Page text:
Mama Stores

“Good morning ma” I said, conscious of the time difference.

Instead of the bleary, sleepy voice I expected, Amma said in chirpy tones “Good morning kanna, You know what happened yesterday?”

I wondered which of my aunts had committed what sin. Or maybe the bai was playing truant. Or was Appa up to some mischief?

Amma went on to describe what she called the brilliantest bloodless coup of this decade. Yesterday while buying vegetables she casually happened to notice that the vendor was wrapping coriander in a page from some comic book. Further inspection revealed it to be Indrajaal comics. Amma jumped, coaxed, cajoled and bought off the vegetablewalli’s entire stock of coriander wrapping paper. Back home she was in her own world of childhood reminiscences and nostalgia, Phantom, Mandrake, Flash Gordon and the ubiquitous Henry. I nodded ferociously in agreement. “Brilliant” I screamed into the phone.

Twenty more minutes of less mundane topics later I was back in my own world and wished I magically found my own piece of nostalgia wrapped around some rotten coriander. ‘Gokulam’ would be found only at Mama Stores (No one knows the real name, that’s what all of us called it). In a corner of this western Indian island Mama Stores was the sole link to Tamil Nadu, selling exotic kizhangus, aromatic kapi podi, and all other paraphernalia required to please the good Tamil Gods and the fat Tamil priests. While parents queued to buy Kumudams and Vikatans, I would jump up to get the magazine. For some strange reason, mama hung Gokulam from a clothesline high up. For an hour after we returned home, feeling like exiles in a strange land with bags full of strange Tamizh goods; I would be absorbed in Gokulam; reading pen pal’s letters to each other, enjoying the illustrated tales, fables and episodic stories. Of all that the magazine yielded I delighted most in the stories of king Jayabalan. Written by the witty J Vasanthan they revolved around a fat, foolish egomaniacal king and his more foolish ministers. I was too young to get any political satires that might have been planted in the stories but at that age I thought naming the minister of communication ‘tholaipesi’ and the defense minister ‘kavasam’ the height of satire. As I grew up and drifted off into wider literary circles, Gokulam took a backseat. On my acquisition of a bike, Amma sent me far and wide to shop for Tamizh goods and Mama Stores lay ignored.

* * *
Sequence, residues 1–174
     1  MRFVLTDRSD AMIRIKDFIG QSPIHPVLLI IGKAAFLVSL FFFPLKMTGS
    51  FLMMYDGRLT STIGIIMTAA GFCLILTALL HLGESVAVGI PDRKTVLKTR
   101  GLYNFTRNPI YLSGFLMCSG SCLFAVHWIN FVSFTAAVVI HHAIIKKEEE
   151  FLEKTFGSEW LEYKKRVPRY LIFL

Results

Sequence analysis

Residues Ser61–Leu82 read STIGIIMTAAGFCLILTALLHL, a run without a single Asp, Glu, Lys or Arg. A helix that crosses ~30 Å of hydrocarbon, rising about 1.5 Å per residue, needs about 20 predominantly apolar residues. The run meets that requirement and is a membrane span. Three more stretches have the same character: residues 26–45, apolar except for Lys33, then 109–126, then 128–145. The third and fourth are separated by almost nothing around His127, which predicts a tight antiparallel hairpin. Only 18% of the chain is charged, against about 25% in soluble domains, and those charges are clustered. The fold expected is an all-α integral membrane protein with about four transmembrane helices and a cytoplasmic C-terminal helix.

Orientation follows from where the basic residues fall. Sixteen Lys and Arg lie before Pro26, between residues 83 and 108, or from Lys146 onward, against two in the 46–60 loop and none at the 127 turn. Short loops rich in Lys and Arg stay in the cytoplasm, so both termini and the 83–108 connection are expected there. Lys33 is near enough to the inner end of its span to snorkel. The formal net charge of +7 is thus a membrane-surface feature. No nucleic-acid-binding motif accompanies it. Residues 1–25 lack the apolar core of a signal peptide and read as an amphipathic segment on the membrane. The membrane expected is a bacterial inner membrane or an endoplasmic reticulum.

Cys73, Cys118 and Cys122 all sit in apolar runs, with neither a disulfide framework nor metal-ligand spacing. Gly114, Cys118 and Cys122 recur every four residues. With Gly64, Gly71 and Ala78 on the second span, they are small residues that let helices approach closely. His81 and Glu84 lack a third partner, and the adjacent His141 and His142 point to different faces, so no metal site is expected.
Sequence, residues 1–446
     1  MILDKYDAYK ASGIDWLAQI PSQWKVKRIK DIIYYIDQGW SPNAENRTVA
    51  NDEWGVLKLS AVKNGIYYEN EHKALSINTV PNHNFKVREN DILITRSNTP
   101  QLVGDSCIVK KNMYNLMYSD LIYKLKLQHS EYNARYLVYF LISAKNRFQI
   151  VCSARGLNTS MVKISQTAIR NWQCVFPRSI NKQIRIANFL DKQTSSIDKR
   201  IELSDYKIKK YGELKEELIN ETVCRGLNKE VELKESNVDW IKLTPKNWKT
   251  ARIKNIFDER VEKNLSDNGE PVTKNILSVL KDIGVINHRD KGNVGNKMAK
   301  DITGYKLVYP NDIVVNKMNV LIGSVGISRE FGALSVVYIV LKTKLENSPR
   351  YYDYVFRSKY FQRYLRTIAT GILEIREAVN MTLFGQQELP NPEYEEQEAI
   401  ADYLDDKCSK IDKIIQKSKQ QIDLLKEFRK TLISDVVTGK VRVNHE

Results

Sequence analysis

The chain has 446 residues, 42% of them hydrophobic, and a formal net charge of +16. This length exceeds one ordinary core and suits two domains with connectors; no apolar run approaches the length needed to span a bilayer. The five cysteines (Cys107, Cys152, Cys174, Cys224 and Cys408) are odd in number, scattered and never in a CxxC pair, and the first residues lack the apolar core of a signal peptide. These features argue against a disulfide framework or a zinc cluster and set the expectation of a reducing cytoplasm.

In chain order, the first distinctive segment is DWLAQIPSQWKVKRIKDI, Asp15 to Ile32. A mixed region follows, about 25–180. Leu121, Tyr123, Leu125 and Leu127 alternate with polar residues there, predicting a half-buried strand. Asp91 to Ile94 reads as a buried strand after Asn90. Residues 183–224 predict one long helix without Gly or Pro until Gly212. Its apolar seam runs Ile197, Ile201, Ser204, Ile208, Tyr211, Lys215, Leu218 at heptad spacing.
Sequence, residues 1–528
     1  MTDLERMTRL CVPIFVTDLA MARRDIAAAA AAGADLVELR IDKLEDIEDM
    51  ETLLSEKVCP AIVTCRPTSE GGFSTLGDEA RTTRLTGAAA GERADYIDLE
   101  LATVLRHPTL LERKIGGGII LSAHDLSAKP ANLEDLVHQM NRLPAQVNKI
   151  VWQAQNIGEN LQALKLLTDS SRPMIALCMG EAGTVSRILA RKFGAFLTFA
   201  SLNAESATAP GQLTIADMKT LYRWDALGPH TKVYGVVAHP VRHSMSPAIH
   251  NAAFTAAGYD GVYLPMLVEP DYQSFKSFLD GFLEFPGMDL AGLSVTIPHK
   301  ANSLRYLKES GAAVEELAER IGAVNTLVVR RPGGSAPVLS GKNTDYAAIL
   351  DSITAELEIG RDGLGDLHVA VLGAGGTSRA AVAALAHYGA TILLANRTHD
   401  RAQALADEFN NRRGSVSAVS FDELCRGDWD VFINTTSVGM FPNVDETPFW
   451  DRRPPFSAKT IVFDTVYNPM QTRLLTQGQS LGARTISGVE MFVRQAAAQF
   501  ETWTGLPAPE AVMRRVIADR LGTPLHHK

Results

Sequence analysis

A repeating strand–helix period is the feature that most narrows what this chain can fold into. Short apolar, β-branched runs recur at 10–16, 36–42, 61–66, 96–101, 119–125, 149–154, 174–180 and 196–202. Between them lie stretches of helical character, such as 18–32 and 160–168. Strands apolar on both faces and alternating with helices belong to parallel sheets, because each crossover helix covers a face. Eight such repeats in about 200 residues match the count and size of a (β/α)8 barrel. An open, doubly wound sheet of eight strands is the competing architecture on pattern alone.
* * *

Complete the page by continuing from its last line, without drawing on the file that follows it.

Today that part of my childhood came and hit me, making me miss home all the more. Of the twenty days that my unforgiving schedule allows me to go to India, I must somehow find time to say hi to ‘mama’ and see if Gokulam still exists. That thought alone brings a wide smile to my face.



Filed under books, family, life, nostalgia

16 responses to “Mama Stores

  1. maami

    Hey some one here too likes Gokulam!

  2. Liberal

    The mention of Gokulam brought so many happy thoughts! I wonder why the mama hung it from a clothesline

  3. Viral Doshi

    hey did not undertsand many of the things for the most obvious of reasons.but the way it was put was good … can we have something for general people… or mebbe something for GUJJUS!!!

  4. Elusive

    good this the Mama stores wich is whr i live?

  5. chocoliciousgal

    *sniff* (ok maybe that was a tad too much :D) ..but I still think Gokulam is amazing…and even Mandrake and Phantom (yea ‘ve actually read that stuff as well courtesy appa, thatha and chitappa 🙂 )I miss home. (even the local roadside bhajiwaali 🙂 )